This elaborately-decorated and 'fanciful' games-table is a remarkable example of the revival of chinoiserie furniture, decorative arts and 'all things exotic' in 19th Century Italy.
A TASTE FOR EXOTICISM
Dating back to the seventeenth century, the fashion for chinoiserie developed as European travelers to the Orient brought back tales and engravings of the exotic sights visited, and took hold principally through the trading ties of ports such as Venice, where the earliest European laquered wares are known to have been produced.
The enduring appeal for the exotic and in particular for cineserie (or chinoiserie) remained strong particularly in the Piedmont region of Italy. As Enrico Colle discusses in one of the seminal publications on 19th Century furniture and interior decoration in Italy, the resurgence en force of the predilection for all things exotic came about with the fall of Napoleon and the Bourbon Restauration in France when the fashionable exoticism of the Ancien Régime was revitalized (Il Mobile dell'Ottocento in Italia, Milano, 2007, pp.109-111).
Such fascination for the Orient - which had similarly pervaded through Palermo with the remodelling of the Palazzina Cinese by the architect Giuseppe Venanzio Marvuglia (1729-1814) and in Rome due to the various works of landscape designer Francesco Bettini - prevailed in Piedmont shortly after the fall of Napoleon when the region's Court palaces were re-designed circa 1817.
'UN ORNEMANISTE HORS-PAIR'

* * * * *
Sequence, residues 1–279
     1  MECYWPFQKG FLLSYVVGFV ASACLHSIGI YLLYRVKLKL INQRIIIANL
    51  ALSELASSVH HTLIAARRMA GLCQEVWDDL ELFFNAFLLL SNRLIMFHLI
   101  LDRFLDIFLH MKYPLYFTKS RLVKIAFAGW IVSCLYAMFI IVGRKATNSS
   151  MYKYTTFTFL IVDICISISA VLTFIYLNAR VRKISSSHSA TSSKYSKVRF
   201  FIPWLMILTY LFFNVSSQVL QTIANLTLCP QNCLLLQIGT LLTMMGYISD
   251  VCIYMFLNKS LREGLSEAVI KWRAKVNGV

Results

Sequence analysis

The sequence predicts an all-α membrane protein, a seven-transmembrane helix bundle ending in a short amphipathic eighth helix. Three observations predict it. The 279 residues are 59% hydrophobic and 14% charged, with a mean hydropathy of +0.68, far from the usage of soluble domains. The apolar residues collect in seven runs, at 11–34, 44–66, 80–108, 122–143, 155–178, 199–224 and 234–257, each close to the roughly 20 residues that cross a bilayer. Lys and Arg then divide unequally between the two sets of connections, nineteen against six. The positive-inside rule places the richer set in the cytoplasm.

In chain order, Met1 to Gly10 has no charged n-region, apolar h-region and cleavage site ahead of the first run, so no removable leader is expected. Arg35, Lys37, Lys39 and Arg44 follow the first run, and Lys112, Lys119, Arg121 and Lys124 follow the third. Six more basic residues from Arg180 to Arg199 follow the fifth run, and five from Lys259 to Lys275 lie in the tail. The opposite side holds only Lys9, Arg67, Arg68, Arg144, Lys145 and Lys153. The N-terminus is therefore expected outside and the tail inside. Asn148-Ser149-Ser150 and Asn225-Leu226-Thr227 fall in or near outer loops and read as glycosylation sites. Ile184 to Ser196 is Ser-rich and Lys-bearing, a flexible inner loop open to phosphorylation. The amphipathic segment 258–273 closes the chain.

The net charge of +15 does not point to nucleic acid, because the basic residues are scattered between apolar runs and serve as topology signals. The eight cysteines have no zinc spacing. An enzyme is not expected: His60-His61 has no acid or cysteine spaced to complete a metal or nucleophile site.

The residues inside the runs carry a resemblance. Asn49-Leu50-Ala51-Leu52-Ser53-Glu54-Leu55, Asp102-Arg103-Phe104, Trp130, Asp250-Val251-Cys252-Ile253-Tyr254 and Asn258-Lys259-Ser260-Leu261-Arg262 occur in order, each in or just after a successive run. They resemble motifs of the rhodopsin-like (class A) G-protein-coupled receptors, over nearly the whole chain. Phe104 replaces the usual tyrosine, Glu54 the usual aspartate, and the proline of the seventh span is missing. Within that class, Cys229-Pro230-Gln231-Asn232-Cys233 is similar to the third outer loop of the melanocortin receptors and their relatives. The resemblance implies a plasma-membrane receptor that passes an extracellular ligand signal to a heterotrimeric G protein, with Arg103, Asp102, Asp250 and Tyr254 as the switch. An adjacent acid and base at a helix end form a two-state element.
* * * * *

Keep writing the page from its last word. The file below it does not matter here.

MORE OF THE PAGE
The decoration and cinese scenes depicted on the present games-table derive undoubtedly from the exotic style of decoration popularized by Pelagio Palagi (1775-1860), the celebrated Italian ornemaniste and furniture designer, extensively patronised by King Carlo Alberto (1798-1849) most notably for the Palazzo Reale and the Castello di Racconigi. Palagi first developed a taste for Egyptian and Etruscan-inspired interior decoration, while in Rome between 1806 and 1815, before he popularized the Chinoiserie style, redesigning the interiors of the Villa Traversi Tittoni in Desio, Lombardy between 1840 and 1846, the Gabinetto delle Lache at the Palazzo Reale in Turin, and the Gabinetto cinese da lavoro della regina built in 1833 for the Castello di Pollenzo, Piedmont.
Similarly, other palazzi or courtly residences south of Piedmont were redecorated in the chinoiserie revival style, in the second quarter of the 19th Century. Among such, the Palazzo dei Normanni in Palermo, which the painter Giovanni Patricolo redecorated c. 1834-5, essentially drawing his inspiration from the Palazzina Cinese from the Villa Favorita commissioned by King Ferdinand IV; one of the rooms of the Giardino Pensile in Naples, and the salotto at the Palazzo Pitti in Florence which Princess Maria Ferdinanda of Saxony had remodeled c. 1842.
RELATED CINESERIE FURNITURE AND INTERIORS
The elaborate chinoiserie decoration on the present games-table is highly reminiscent of the cineserie interiors from the Salotto Cinese decorated by Giovanni Patricolo c. 1834-5 which E. Colle illustrates Ibid, p.110. Several examples of tables adorned with comparable decoration include a table from the Palazzo dei Normanni and another from the Palazzo Pitti (both illustrated Ibid, pp.128 and 132). Further related examples include a console in the Palazzo Pitti, decorated by Francesco Bianchi and Odoardo Ciabatti and reproduced, S. Chiarugi, Botteghie di Mobilieri in Toscana, Vol. I, Florence, 1994, p. 252 and a tavolino da lavoro in the Villa della Petraia, also in Florence, executed by the Fratelli Bonini (ill. Ibid, p. 251). E. Barbolini Ferrari illustrates further related examples of exoticism-inspired furniture from Piedmont in Arredi dell'Ottocento, il Mobile borghese in Italia, Modena, 2002, pp.172-3 and in Mobili Dipinti, Modena, 2004, p.236.